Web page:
The 1960 reapportionment process was stalled by partisan gridlock. Subsequently, the Illinois Supreme Court ordered an at large election for all 177 members of the Illinois House in 1964. Voters were given ballots three feet long.[9] After a 1965 Illinois Supreme Court Case to resolve the redistricting issue, Redmond's home was drawn into the 37th district which consisted of York, Addison, Bloomingdale and Wayne townships along with the City of West Chicago in Winfield Township. He was reelected as one of the district's three representatives with Gene L. Hoffman and Pate Philip.[10]

He sponsored many pieces of legislation during his tenure including the creation of an Equality of Economic Opportunity Commission, created the Illinois State Board of Education,[2] and advocated for increased mass transportation for his suburban district.[1] He helped to create the South Suburban Transit Authority and the Regional Transportation Authority.[11]

1975 Speaker election

In 1975, Mayor Richard J. Daley supported Democratic leader Clyde L. Choate of Anna. Governor Dan Walker objected to Choate for personal reasons and supported Gerald A. Bradley of Bloomington. J. Glenn Schneider of Naperville, a legislator from Redmond's DuPage County, had reservations about a Choate speakership. He drafted Redmond to run for Speaker. No candidate, which at various points in time included up to eleven Democrats and the Republican leader James R. Washburn could get the 89 votes required to be elected Speaker.

After days of ballots, Daley and Walker finally chose Redmond as a compromise candidate as he was the only candidate no one could object to who had the experience to preside over the House. Choate refused to drop out and, with a small group of Democrats, held out against Redmond as the Democratic compromise choice. Over a week after the election for Speaker began; newly elected Republican Lee A. Daniels crossed party lines to vote for Redmond. After Daniels vote, a weekend recess was called. On Monday, Daniels and a small group of Republicans cast their votes for Redmond. This block included five Chicagoans, Daniels and Gene A. Hoffman; the latter two of whom were from Redmond's district.[12][13]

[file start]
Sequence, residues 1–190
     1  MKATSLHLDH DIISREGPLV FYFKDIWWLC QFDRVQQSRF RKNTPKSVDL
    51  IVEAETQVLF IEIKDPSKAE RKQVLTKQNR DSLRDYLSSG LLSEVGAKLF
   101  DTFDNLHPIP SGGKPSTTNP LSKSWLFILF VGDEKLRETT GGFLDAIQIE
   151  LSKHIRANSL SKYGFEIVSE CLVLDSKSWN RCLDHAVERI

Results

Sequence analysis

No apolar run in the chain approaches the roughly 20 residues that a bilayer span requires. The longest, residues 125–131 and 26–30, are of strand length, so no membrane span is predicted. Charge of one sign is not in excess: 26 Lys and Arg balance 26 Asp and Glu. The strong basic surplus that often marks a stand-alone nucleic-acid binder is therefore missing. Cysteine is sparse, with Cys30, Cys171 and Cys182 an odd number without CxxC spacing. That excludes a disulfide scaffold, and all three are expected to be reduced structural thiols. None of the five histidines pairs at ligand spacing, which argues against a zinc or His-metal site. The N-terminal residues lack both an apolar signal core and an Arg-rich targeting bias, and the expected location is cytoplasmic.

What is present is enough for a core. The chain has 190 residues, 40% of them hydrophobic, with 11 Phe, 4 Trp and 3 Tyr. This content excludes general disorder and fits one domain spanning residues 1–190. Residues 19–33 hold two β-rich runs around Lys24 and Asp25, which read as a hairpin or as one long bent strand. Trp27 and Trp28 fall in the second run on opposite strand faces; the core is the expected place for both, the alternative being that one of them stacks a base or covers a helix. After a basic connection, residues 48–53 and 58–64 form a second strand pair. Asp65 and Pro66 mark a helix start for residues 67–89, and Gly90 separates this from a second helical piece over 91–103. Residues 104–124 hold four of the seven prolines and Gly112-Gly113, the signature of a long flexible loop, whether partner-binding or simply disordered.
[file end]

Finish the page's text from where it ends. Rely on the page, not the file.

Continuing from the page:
Speaker of the House

Redmond became a respected legislator on both sides of the aisle and during the 79th General Assembly; he was elected Speaker of the House as a compromise candidate. His election was made possible by the defection of freshman representative and future speaker Lee A. Daniels from his party.[5]

As Speaker, he took a hands off approach with legislation and toured areas of downstate Illinois that may have otherwise not met anyone from the Democratic leadership.[11] He became the first Democrat to be elected Speaker for three terms.[2]

In December 1981, Redmond chose to retire after twenty four years in the Illinois House. Longtime Democratic activist and attorney Hubert J. "Bud" Loftus of Addison was appointed to replace him.[14][15]

Post assembly life and legacy